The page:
Nha nhac, Vietnamese Court Music (Masterpieces of the Oral and Intangible)

In its ordinary meaning, Court Music is understood as music genres, including music for dance and opera, used in worshiping ceremonies, national court – organized festivities, and occasions of entertainment for Kings and Royal families. But the term Nha Nhac (imported from China) was used by Vietnamese feudal dynasties from the Ho Dynasty with different meanings, for example sometimes indicating general court music, sometimes court ritual music in particular, sometimes indicating music department, even a concrete orchestra.

 

 

Nha nhac, Vietnamese Court Music

 

The initial foundation of Nha Nhac – the Vietnamese Court Music began conceiving since the 17th century but it only reached the peak at the Hue Court under the Nguyen Dynasty (1802-1945). The Court Music was officially formed along with the rise of Nguyen Dynasty in the early 19th century. In about 1947, 1948, Madame Tu Cung (mother of King Bao Dai, wife of King Khai Dinh) gathered once again some court music artists, helping to maintain some genres of Hue Court Music and dance. In the 1980s, it began to attract attention of the Ministry of Culture and local authorities. In the 1990s, Hue Court Music enjoyed renaissance. Thereafter Hue Court Music has been introduced much abroad.
The different genres of the Hue Court Music include worshiping ritual music, court ritual music, court dances, chamber music and opera (royal classical opera – tuong).
In the former times, Hue Court Music consisted of various genres: Giao Nhac used in the sacrifice ceremony to the Heaven and the Earth. Mieu Nhac used in worshipping ceremonies at the temples of meritorious ancestors of the Nguyen clan, Confucius, Nguyen Dynasty’s literature doctors, national heroes; Ngu Tu Nhac used in Than Nong, Thanh Hoang, Xa Tac worshiping ceremonies; Dai Trieu Nhac used in great ceremonies or receptions of foreign ambassadors; Thuong Trieu Nhac used in ordinary court ceremonies; Yen Nhac used in great royal banquets; Cung Nhac (or Cung Trung Nhac) used inside the royal palaces.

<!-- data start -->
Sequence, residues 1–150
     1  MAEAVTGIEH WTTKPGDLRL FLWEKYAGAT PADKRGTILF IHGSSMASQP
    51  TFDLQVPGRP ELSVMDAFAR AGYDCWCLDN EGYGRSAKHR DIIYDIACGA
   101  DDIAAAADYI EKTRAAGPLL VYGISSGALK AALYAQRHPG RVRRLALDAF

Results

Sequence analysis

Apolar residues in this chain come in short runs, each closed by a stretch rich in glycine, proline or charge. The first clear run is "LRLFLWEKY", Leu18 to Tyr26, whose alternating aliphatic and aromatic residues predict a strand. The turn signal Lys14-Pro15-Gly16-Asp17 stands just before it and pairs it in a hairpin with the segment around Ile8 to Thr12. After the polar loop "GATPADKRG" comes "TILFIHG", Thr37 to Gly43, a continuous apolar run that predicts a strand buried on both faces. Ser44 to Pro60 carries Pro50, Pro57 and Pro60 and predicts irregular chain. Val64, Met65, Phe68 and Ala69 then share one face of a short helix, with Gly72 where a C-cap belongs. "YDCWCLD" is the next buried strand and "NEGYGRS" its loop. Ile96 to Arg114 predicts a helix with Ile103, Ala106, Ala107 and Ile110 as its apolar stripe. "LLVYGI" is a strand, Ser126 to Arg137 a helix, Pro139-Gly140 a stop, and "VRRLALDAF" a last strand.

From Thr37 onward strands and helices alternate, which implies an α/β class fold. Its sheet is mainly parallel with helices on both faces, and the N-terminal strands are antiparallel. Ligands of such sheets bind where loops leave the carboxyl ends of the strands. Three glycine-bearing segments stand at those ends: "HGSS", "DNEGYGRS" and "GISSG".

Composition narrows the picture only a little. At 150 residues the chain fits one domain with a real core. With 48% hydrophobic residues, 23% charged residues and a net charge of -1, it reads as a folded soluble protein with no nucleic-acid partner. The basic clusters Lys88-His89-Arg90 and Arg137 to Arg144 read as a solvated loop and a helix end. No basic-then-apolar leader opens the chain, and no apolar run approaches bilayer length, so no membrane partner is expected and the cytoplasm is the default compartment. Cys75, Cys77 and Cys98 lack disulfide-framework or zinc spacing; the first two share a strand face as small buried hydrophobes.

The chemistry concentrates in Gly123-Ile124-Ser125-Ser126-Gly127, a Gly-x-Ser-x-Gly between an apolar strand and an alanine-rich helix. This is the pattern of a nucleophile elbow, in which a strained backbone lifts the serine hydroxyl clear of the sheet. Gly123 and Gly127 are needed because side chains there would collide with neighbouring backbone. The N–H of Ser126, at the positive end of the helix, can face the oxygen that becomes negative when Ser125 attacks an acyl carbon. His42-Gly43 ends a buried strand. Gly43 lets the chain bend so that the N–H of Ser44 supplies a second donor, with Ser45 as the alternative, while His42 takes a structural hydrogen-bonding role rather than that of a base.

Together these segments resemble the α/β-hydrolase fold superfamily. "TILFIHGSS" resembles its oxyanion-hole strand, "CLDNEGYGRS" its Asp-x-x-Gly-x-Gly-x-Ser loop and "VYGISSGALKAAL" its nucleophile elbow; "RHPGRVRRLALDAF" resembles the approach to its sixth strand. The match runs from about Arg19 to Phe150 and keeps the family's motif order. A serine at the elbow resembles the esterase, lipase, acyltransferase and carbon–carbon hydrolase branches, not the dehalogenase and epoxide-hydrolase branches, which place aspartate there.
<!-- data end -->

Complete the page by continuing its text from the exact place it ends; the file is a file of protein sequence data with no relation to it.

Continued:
Former Hue court dances were rich and performed on many occasions. The 11 court dances remained until now are composed of Bat Dat (used in Giao, Mieu, Xa Tac, historical kings and Confucius worshipping ceremonies); Luc cung, Tam tinh, Bat tien, Dau Chien thang Phat, Tu Linh, Tam quoc Tay Du (used in van tho – King’s birthday, thanh tho – birthday of King’s mother, tien tho – birthday of Hoang Thai Phi (the imperial concubine of King’s late father) and the Mu (a Fairy or Guardian angel) worshipping ceremonies); and thien xuan (birthday of the prince – the successor to the throne); Trinh tuong tap khanh (used in tu, ngu tuan dai khanh ceremonies for wealthy people and powerful country; Nu tuong xuat quan (used on the Days of Victory, Nguyen Dynasty Enthroning Day, lunar – calendar May 2nd, at great night banquets and receptions of foreign ambassadors); Vu phien (devoted to the King’s Mother, wife, ladies-in-waiting, princesses at weddings); Luc triet hoa ma dang (on Nguyen Dynasty Enthroning Day for the watching of the people masses in the front of Phu Van Lau).
The repertoire for court music genresmentioned above consisted of a variety musical pieces. Yet, in the declining stages, many of them were lost; only the words have been remained. The pieces still preserved are Muoi ban ngu ( or lien bo thap chuong - suite composed of 10 pieces including: Pham tuyet, Nguyen tieu, Ho quang, Lien hoan, Binh ban, Tay mai, Kim tien, Xuan phong, Long ho, Tau ma), Long dang, Long ngam, Phu luc, Teểu khuc, Tam luan cuu chuyen - ritual music asking for good rains, Dang dan cung, Dang dan don, Dang dan kep, Thai binh co nhac, Bong, Ma vu, Man and some other pieces of chamber music such as Nam Binh and Nam Ai, etc.